Dear Ellen: It could’ve happened to anyone

I write letters to Ellen DeGeneres. No particular reason. Just because I can.

Dear Ellen,

Last August, I went back to school to begin a degree in computer science. My computer skills were limited to slapping the monitor and cussing at it in fictional languages. That was fun for a while but then I decided it was time to learn more. Through the course of the semester, I developed an interest in malware (computer viruses). Apparently there’s a job title out there known as Malware Analyst in which professionals with a computer science degree get paid to study computer viruses: how they work and what information they collect. This sounded like a fun job to me so I started to research how individuals could develop skills in this field.

According to the Internet, various websites recommend that people practice playing with actual viruses. Great! All I needed to do was get a computer virus. After sending the four-year-old off to school, I ran some errands at the local super center. I picked up a quart of oil, bananas, and diaper rash cream. Then I headed over to the electronics department in search of a computer virus I could purchase. The sales rep had the strangest look on his face when I inquired about where I would find a virus and if there was a coupon I could use with it. He was definitely disturbed by my question.

Problem 1

Where does someone who wants to play with a computer virus acquire it? The grocery store didn’t have any and when I called the gas station, the person on the other end of the phone hung up on me.

Just when I thought all hope was lost, I had an epiphany!  Angels sang! There was a halo around my head! I felt alive and excited that I solved this problem on my own. I knew exactly how to get a virus on my computer. The next day, I sent my laptop to school with my four year old. Nothing says “cold & flu” season like an elementary school. My throat aches and my nose runs every time I drive past the building.

That afternoon I greeted my son at the school bus stop – eager to see him and my infected computer. Much to my disappointment, the laptop came home with everything but a virus. It was covered with painted fingerprints; slimy, sticky goo all over the keyboard; and a note from his teacher asking me not to send anything battery operated and having a value of over $20 with my child for his show & tell time.  (Picky, picky.)

Problem 2

While scrubbing my computer clean, I realized I was going about this the wrong way. Before getting a computer virus, I needed a safe place to put it so my computer wouldn’t get destroyed.

Through reading about experiences from people who were lucky enough to get their hands on a virus to play with, I learned that before you acquire the virus you need a sandbox to put the virus in so that the rest of your computer is protected. This makes total sense….sort of….I wasn’t entirely sure what they meant by a “sandbox.”  Regardless, I decided my focus should be on preparing my computer for the virus. But how do I get sand into my computer?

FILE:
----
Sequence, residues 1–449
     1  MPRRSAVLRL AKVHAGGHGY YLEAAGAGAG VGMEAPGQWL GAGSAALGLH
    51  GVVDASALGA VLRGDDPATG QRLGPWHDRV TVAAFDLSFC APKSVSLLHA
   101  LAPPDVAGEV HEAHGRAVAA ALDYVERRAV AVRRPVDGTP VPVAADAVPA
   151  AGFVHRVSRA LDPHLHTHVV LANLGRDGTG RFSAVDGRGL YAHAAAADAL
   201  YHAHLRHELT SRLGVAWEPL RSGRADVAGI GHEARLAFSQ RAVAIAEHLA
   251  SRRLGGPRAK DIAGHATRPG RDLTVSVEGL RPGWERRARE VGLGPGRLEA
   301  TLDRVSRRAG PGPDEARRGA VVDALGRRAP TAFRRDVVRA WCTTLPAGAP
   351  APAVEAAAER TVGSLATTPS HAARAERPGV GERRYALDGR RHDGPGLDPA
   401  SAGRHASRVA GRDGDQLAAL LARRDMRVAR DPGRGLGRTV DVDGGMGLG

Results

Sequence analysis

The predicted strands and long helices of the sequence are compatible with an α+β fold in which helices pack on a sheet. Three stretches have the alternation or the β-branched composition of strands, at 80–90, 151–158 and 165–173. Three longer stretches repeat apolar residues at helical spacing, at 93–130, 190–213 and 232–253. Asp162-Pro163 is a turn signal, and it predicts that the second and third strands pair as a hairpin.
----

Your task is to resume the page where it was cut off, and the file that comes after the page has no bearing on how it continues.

Cue the angels singing! I put the laptop inside of the neighbor’s sandbox on an especially windy day. After a few hours, I recovered the laptop and turned it on. Everything seemed fine…the computer made a strange grinding noise but it worked. I looked through all of the folder-thingies on my computer, in search of something that said sandbox or had an image of a sandbox. There was nothing. Just the same old crap I always have on my computer: pictures of the kids, recipes I’ll never fix and a calendar with an alarm set to remind me that my anniversary is next month because whenever I’m pregnant, I forget my anniversary.

It occurred to me that maybe sand never made it into my computer. I picked it up and shook it a few times, hoping I’d hear sand rattling around inside. No luck. I couldn’t hear anything. It took a few YouTube videos to figure out how to take my laptop apart but eventually I was able to get a peek inside. Sure enough, my computer had a decent amount of sand particles inside of it. However, this clearly was not what was meant by a sandbox.

Figuring that this method wasn’t going to work, I grabbed the vacuum cleaner from the closet and used the extension to suck up the sand out of my computer. There were a few popping noises and a couple of sparks which I thought was weird, but other than that, I was able to get all of the sand sucked up.

It was a few hours later before I got around to turning the computer on.  My husband wanted dinner. The four year old wanted to take the toaster apart and my three year old wanted to tap dance on top of the kitchen table.

When I did eventually get around to turning the computer on, it wouldn’t work – a fact that was a complete mystery to me. I knew the battery was charged. It worked earlier that day. But for the life of me, I couldn’t get the computer to turn on. Resorting to old habits, I started smacking the computer and cursing at it. My husband heard the ruckus and asked what the problem was. As I explained, his face turned three shades of red and the vein in his forehead pulsated.

So….through our discussion – in which I was certain he was going to have a stroke – I learned two things. First, a sandbox (in the world of computers) isn’t necessarily software installed on the hard drive.  It can also be a sacrificial lamb – an entire computer dedicated to only holding computer viruses. Second, the popping sounds I heard while vacuuming the inside of my laptop was static electricity. Apparently static electricity is bad for a lot of things: fingertips, hair and electronic devices.

Well, Ellen, tomorrow is a new day and for my son – a show & tell day. Guess it’s time for me to get his back pack ready…..where did I put the hand mixer?


A. Marie



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